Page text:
2015 -16: Before the Posthuman
For artists and humanists, these are extraordinary times: our sense of “the human” is undergoing remarkable transformations, and it has become commonplace to suggest that we have become “posthuman,” though there is no substantial agreement on what this term might mean.
But rather than ask what the “post” in “posthuman” means, perhaps we should ask about the “human.” What was this human, and what did it mean by “humanism”? From the emergence of Homo sapiens sapiens through the invention of agriculture through the development of organized
The Penn State IAH welcomes applications from scholars and artists who have received their terminal degrees (PhDs in the humanities, MFAs in the fine and performing arts, Masters or beyond in design fields such as architecture) within the past three years (after May 1, 2011). Terminal degrees must be in hand by July 1, 2015. Applications should include a CV, contact information for two references, a project description of 1000 words, and (for applicants in the arts or design) a hyperlink or other access to a digital portfolio. The fellowship stipend is $46,000 plus benefits and a $4,000 research fund. An office will be provided at the Institute. The successful candidate will be asked to teach a course, lead a faculty/graduate student research group, and/or organize a symposium. Further, it is expected that the fellow will take part in the intellectual life of campus by working with faculty and students, attending symposia and events, and contributing to meetings and discussions presented by IAH. Apply online at https://app2.ohr.psu.edu/Jobs/External/EVMS2_External/currentap1.cfm#54637
All application materials must be submitted by January 16, 2015.
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2014-15 IAH Postdoctoral Fellow
"Plastic: An Ethology of Oil"
Dr. Davis received her Ph.D. from Concordia University in 2011. In 2013-2014, she was a Visiting Scholar in Aesthetics and Politics at the California Institute of the Arts and a Visiting Scholar in the Program in Experimental Critical Theory at UCLA; in 2012-13, she was a Postdoctoral Fellow in Women’s Studies at Duke University. Dr. Davis’s dissertation was titled “Art That Loves People: Relational Subjectivity in Community-Based Art.” Her current project represents a radically new direction for her work, and seeks to contribute to debates over the role of human activity in the so-called Anthropocene epoch, in which humans have arguably become capable of changing the biosphere as a whole.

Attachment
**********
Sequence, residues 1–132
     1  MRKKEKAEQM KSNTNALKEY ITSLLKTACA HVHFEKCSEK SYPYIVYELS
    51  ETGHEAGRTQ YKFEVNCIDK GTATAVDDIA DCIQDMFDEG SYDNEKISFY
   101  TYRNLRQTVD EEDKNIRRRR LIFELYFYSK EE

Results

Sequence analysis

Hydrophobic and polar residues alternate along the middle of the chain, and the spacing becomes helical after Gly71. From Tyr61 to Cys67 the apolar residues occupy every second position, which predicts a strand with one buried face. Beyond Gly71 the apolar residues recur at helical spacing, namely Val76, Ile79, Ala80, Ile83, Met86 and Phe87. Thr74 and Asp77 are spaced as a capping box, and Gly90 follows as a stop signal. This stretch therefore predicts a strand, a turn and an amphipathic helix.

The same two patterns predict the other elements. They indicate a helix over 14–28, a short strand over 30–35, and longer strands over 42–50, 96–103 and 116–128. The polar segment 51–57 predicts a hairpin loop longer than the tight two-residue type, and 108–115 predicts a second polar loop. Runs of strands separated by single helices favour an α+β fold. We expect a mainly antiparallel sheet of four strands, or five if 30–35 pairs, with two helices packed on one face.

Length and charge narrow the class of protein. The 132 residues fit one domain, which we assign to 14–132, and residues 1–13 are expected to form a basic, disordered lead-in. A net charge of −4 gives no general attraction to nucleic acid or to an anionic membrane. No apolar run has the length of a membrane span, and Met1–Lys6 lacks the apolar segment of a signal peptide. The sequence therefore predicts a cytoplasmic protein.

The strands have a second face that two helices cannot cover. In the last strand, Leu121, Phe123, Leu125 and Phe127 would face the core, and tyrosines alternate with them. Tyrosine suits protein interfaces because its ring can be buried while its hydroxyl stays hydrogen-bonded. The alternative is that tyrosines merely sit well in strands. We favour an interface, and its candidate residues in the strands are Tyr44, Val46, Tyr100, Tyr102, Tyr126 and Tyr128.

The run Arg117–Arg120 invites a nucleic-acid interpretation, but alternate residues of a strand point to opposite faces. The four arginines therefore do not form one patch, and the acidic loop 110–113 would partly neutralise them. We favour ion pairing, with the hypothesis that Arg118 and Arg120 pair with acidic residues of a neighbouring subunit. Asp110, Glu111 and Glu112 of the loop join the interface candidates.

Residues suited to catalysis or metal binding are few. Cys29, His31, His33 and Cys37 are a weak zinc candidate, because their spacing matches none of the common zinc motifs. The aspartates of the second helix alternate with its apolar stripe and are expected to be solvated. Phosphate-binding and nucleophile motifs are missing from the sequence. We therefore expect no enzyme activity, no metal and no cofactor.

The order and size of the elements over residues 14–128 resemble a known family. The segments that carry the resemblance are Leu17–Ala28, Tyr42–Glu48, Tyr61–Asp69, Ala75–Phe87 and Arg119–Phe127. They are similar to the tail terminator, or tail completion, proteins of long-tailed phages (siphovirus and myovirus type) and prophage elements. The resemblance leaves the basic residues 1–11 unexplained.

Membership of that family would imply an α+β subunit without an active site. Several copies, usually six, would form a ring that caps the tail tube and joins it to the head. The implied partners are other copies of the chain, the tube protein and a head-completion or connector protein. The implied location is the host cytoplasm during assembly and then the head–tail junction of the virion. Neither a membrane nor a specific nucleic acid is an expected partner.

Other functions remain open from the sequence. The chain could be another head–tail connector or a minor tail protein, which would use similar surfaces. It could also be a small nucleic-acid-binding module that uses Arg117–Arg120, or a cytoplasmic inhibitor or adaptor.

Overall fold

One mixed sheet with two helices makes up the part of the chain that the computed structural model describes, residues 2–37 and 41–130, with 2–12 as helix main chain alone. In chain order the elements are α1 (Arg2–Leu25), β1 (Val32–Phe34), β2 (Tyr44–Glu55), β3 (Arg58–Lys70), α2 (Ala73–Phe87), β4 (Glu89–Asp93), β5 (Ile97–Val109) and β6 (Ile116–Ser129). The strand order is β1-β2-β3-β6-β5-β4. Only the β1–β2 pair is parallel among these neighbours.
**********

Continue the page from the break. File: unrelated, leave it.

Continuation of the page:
Dr. Davis describes the project as follows:
Plastic is the ultimate sealant, providing a barrier for everything from food to computers to table tops. The first plastic, Bakelite, was created in 1907 and patented in 1909 by Leo Baekeland, who called it the “material of a thousand uses” and used the mathematical symbol of infinity as a trademark. Indeed, because plastic has been engineered to take the form of– and, supposedly, replace– any other object (miming the properties of everything from silk to ivory), it has often been understood as a substance without essence. But the commonplace idea that plastic is infinitely malleable is deceptive. In its first iterations, synthetic polymers were hard, brittle substances, and even now plasticizers are needed to make plastics pliable. Once the polymer bonds of plastic are produced, they remain recalcitrant in the face of change. A plastic product might break down into smaller and smaller pieces, but the molecules themselves remain the same. Plastic is a substance that stubbornly refuses to decompose, profoundly affecting and accumulating in its environment but never yielding to that environment’s influence.
New research on the relationship of plastic to the environment shows that microplastics have become the anthropogenic substrate for a diverse ecology of bacteria floating in the ocean, termed the ‘plastisphere’ (Zettler, Mincer and Amaral-Zettler, 2013). What these findings suggest is that try as we might through philosophy and chemical engineering to escape the bonds of the earth, we are inextricably part of its endless processes of mutation and evolution.
Plastic has been a subject of discussion in a wide range of fields; however, the connection with the history of philosophy, specifically as the structure of synthetic polymers relate to the idea of autonomous identity, remains vastly underexplored. This interdisciplinary study will address the philosophic, aesthetic, and material fallout of plastic, with particular attention to the transformation of ideas into matter. It draws upon the disciplines of environmental humanities, philosophy, cultural studies, and science and technology studies.